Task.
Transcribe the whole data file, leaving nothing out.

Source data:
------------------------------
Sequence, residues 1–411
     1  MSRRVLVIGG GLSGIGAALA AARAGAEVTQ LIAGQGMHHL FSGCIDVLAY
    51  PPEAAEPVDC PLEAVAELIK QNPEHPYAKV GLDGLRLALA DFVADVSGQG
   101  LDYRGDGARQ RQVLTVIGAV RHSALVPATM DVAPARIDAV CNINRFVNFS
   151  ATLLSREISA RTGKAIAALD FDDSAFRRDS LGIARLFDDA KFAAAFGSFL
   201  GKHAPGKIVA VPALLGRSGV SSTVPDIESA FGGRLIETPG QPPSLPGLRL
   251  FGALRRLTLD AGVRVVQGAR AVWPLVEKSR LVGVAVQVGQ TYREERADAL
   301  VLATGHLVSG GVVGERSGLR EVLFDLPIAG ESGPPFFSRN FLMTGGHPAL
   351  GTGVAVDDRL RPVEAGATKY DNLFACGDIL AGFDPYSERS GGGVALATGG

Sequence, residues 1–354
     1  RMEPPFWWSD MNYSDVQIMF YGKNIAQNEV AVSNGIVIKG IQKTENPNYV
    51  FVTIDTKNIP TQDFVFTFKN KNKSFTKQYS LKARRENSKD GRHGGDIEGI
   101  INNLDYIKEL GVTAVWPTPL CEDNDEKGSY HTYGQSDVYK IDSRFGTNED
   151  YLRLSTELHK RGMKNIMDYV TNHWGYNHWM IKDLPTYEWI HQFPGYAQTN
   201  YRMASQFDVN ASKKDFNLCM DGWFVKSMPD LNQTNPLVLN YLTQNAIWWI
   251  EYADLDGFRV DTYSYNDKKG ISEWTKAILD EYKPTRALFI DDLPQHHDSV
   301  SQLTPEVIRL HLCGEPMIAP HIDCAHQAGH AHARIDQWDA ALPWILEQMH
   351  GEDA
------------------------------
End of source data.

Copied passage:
Sequence, residues 1–411
     1  MSRRVLVIGG GLSGIGAALA AARAGAEVTQ LIAGQGMHHL FSGCIDVLAY
    51  PPEAAEPVDC PLEAVAELIK QNPEHPYAKV GLDGLRLALA DFVADVSGQG
   101  LDYRGDGARQ RQVLTVIGAV RHSALVPATM DVAPARIDAV CNINRFVNFS
   151  ATLLSREISA RTGKAIAALD FDDSAFRRDS LGIARLFDDA KFAAAFGSFL
   201  GKHAPGKIVA VPALLGRSGV SSTVPDIESA FGGRLIETPG QPPSLPGLRL
   251  FGALRRLTLD AGVRVVQGAR AVWPLVEKSR LVGVAVQVGQ TYREERADAL
   301  VLATGHLVSG GVVGERSGLR EVLFDLPIAG ESGPPFFSRN FLMTGGHPAL
   351  GTGVAVDDRL RPVEAGATKY DNLFACGDIL AGFDPYSERS GGGVALATGG

Sequence, residues 1–354
     1  RMEPPFWWSD MNYSDVQIMF YGKNIAQNEV AVSNGIVIKG IQKTENPNYV
    51  FVTIDTKNIP TQDFVFTFKN KNKSFTKQYS LKARRENSKD GRHGGDIEGI
   101  INNLDYIKEL GVTAVWPTPL CEDNDEKGSY HTYGQSDVYK IDSRFGTNED
   151  YLRLSTELHK RGMKNIMDYV TNHWGYNHWM IKDLPTYEWI HQFPGYAQTN
   201  YRMASQFDVN ASKKDFNLCM DGWFVKSMPD LNQTNPLVLN YLTQNAIWWI
   251  EYADLDGFRV DTYSYNDKKG ISEWTKAILD EYKPTRALFI DDLPQHHDSV
   301  SQLTPEVIRL HLCGEPMIAP HIDCAHQAGH AHARIDQWDA ALPWILEQMH
   351  GEDA